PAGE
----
On September 4, 2020, the Centers for Disease Control (CDC) issued an order that halts eviction action in certain cases (Click Here for the full language of the order). In summary, if a tenant is being evicted for non-payment and they provide their landlord with a declaration attesting to the five prongs outlined below, then the landlord cannot pursue an eviction based on non-payment. The tenant must attest to the following (our thoughts/comments are in red and italics):
The CDC Order does not apply to EVERY eviction cast automatically. A tenant MUST provide this declaration in order for the CDC Order to go into effect in their case (Click Here for the form declaration from the CDC but as long as the tenant provides a substantially similar declaration it does not have to be this exact form). The CDC Order specifically states: “To invoke the CDC’s order these persons must provide an executed copy of the Declaration form (or a similar declaration under penalty of perjury) to their landlord…”. Also be aware that the CDC Order does not list any deadline on when the tenant has to provide the declaration. This means that a tenant may be able to provide a declaration and seek the protections of the CDC Order at any time along the eviction process (including the day of the lockout). The CDC Order may also impact cases that have already been filed and are being processed.
If a tenant qualifies for protection and provides the required CDC declaration, the landlord is prohibited from taking eviction action against the tenant. Specifically, the CDC Order defines "eviction" as "any action by a landlord, owner of a residential property, or other person with a legal right to pursue eviction or a possessory action, to remove or cause the removal of a covered person from a residential property.” It does not prohibit a landlord from trying to work with their tenant and reminding them of the balance owed, but be cautious about threatening eviction, issuing eviction notices, or taking other eviction action.
Both landlords and tenants should take the CDC Order very seriously because it lists severe criminal penalties (including possible fines of no more than $100,000/$250,000 for individuals and $200,000/$500,000 for organizations). Again, without the required declaration from a tenant the CDC Order does not come into play. But if you receive a declaration that complies with the CDC Order you be very cautious and contact us immediately. On the flip side, if a tenant violates the CDC order by fraudulently filling out the declaration, they should be subject to criminal charges and fines as well.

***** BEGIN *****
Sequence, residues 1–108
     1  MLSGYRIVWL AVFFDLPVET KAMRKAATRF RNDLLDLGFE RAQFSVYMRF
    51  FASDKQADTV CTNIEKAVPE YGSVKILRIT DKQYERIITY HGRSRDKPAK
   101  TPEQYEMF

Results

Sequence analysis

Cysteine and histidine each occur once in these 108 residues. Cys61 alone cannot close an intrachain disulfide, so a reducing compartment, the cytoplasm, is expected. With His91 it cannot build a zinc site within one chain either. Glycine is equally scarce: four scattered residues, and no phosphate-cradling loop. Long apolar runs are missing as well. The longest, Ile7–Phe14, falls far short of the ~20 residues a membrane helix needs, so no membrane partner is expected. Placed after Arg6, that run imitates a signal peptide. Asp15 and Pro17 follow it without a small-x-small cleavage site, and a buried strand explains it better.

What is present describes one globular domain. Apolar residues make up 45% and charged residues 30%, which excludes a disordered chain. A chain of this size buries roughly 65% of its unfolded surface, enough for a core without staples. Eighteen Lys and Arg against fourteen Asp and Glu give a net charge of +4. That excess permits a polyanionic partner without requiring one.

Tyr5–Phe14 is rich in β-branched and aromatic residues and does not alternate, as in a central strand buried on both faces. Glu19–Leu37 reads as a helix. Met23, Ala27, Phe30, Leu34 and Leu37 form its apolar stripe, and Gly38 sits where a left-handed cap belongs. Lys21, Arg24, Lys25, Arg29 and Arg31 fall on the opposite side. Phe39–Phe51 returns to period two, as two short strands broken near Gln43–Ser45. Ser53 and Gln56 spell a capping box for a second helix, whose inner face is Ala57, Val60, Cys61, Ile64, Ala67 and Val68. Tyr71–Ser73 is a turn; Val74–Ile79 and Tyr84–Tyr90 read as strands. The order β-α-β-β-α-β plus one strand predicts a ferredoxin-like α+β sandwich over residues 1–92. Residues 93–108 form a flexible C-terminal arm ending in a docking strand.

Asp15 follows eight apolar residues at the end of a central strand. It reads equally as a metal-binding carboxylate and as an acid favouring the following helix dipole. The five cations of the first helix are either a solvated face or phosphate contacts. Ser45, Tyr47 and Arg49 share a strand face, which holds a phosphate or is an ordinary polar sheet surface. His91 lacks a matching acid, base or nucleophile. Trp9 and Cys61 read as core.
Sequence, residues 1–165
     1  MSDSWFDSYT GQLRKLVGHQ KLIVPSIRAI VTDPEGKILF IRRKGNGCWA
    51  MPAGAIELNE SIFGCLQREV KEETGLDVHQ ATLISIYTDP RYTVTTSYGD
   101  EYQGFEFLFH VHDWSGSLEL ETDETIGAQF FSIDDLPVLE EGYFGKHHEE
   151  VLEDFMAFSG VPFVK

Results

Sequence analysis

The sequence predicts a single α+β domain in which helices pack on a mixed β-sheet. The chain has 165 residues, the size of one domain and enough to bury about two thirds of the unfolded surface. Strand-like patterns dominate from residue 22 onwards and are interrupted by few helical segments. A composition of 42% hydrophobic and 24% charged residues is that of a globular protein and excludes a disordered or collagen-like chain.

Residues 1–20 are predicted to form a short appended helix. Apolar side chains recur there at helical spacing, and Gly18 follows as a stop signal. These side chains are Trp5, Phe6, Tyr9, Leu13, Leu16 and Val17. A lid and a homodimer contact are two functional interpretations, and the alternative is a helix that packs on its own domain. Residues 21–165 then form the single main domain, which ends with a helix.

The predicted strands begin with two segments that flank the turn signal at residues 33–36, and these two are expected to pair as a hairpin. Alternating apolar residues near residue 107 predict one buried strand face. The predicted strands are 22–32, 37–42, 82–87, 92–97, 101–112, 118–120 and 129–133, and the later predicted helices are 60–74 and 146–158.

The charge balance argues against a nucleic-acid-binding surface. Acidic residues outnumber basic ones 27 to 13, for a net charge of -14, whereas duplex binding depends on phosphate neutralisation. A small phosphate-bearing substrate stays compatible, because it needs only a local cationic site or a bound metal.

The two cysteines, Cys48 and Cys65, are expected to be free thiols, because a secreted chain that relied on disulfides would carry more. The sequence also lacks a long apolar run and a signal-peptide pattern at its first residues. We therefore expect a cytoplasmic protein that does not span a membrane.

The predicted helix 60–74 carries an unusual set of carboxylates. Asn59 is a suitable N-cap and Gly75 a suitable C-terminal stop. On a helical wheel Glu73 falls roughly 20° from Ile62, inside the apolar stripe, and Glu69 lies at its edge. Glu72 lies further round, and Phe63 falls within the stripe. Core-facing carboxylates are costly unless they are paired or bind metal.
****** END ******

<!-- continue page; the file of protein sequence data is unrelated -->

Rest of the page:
After speaking with several of our clients about the CDC Order, they are planning on reaching out to their tenants as they normally would. However, if payment is not made and no payment plan is in place, they intend to issue eviction notices and process the eviction as normal (including turning the case over to us). We will continue to process our cases unless we receive a declaration under the CDC Order. This means that some evictions may be halted once a declaration is provided, but the alternative is to do nothing until January 1, 2021.
If you have any questions about the CDC Order, contact our office at 801-610-9879.
The CDC Order only impacts evictions for non-payment and specifically states that other types of evictions may continue - criminal activity, threats to health or safety of other residents, damaging or posing an immediate and significant risk of damage to property, violation of applicable building code, health ordinance, or similar regulation relating to health and safety, or violating any other contractual obligation, other than the timely payment of rent, late fees, penalties or interest.
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Utah Eviction Law